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What is Revenue Backlog?

Revenue backlog is the income a company is yet to realize from the goods or services it has provided.

Revenue backlog shows how much money a company will earn in the future. It usually comes from signed contracts that say payment will be made at a later date. Therefore, a high backlog means that a company will have strong earnings in the future or that they are having trouble somewhere in their revenue recognition process. 

The Difference Between Revenue and Invoicing Backlog

Invoicing backlog represents invoices that the company has yet to issue or process. For example, before implementing Nitrobox, Oviva had a backlog of 4,000 invoices per month. This invoicing backlog required significant time and cost to address—until they deployed Nitrobox.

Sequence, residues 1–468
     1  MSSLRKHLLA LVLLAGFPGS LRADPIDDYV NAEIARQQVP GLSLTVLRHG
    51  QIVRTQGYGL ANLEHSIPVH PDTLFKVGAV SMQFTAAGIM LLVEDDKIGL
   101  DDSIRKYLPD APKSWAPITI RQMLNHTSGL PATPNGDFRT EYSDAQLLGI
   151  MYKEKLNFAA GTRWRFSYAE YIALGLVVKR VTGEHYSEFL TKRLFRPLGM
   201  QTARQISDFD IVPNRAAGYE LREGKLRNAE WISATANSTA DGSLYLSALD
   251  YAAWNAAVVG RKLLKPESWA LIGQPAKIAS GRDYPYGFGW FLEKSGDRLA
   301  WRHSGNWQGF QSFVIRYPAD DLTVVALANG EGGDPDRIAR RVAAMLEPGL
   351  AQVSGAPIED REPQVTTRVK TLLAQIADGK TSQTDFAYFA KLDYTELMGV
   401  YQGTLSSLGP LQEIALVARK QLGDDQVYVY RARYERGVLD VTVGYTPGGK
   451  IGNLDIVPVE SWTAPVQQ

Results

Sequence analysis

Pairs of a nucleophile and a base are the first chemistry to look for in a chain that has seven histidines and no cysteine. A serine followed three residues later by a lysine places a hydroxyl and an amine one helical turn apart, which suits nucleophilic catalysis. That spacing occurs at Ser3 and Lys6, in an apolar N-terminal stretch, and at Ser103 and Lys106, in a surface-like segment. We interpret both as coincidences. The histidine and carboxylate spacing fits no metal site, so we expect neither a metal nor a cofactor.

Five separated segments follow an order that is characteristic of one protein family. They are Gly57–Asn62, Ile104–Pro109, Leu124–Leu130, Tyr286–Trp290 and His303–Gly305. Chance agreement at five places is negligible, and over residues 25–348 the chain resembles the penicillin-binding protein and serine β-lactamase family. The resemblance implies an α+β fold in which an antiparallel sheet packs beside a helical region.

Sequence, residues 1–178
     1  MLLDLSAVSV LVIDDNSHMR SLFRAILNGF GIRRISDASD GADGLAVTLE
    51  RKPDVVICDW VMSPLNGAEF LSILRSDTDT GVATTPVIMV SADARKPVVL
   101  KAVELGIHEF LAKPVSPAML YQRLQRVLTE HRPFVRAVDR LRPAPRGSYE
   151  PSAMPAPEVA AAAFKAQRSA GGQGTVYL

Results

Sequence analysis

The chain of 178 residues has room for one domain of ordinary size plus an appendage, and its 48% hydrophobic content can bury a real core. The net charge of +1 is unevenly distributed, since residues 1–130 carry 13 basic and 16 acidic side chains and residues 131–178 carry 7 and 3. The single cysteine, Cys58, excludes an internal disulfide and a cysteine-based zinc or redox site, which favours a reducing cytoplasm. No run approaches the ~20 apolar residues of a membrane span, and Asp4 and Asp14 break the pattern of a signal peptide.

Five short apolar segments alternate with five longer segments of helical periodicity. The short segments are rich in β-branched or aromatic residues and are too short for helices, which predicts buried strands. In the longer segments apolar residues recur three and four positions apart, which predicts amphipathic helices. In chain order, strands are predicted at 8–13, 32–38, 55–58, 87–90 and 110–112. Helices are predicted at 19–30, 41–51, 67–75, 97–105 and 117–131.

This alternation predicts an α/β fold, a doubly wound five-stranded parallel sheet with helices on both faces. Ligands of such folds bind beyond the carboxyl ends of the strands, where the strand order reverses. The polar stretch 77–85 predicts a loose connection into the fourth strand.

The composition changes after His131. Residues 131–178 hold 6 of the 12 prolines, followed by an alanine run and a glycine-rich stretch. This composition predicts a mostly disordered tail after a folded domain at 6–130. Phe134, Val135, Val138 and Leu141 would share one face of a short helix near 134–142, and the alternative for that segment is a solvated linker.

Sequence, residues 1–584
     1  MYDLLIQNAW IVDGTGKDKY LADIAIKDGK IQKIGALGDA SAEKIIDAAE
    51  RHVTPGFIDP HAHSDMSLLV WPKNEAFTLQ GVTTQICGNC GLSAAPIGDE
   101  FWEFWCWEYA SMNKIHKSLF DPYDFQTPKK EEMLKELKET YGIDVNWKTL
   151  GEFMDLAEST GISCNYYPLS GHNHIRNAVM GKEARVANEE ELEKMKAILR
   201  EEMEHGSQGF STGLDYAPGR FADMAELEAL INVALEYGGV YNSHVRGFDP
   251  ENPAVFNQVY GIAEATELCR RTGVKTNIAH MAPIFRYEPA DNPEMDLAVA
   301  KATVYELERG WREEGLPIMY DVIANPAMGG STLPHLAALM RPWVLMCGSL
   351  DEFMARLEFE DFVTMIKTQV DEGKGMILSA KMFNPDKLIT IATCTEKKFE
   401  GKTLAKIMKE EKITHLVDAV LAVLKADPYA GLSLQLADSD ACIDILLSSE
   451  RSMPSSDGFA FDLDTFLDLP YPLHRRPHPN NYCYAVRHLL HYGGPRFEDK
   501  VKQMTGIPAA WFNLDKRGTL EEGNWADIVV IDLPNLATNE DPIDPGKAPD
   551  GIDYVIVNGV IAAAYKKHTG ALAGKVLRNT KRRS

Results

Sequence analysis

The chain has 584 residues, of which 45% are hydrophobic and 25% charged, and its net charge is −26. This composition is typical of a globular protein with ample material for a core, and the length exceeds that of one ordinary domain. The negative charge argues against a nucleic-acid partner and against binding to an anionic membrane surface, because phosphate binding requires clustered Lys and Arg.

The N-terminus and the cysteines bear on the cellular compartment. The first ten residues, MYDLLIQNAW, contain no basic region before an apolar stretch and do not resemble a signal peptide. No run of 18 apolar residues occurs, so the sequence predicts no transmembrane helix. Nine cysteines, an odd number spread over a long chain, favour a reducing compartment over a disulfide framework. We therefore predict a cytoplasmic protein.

On the other hand, if Oviva had completed work or provided services for clients under contract but not yet billed or collected payment, that would be revenue backlog. 

The Difference Between Revenue Backlog and Deferred Revenue

These are two sides of the same coin but from different viewpoints. Deferred revenue, also known as unearned revenue, comes from customers’ advance payments for products or services that haven’t been delivered yet. This means the company owes a product or a service to the customer.

If a company receives payment for a product to be delivered in the future, it’s deferred revenue. However, if a company has delivered a product or service and is awaiting payment, it’s revenue backlog.

Updated on 28. November 2023

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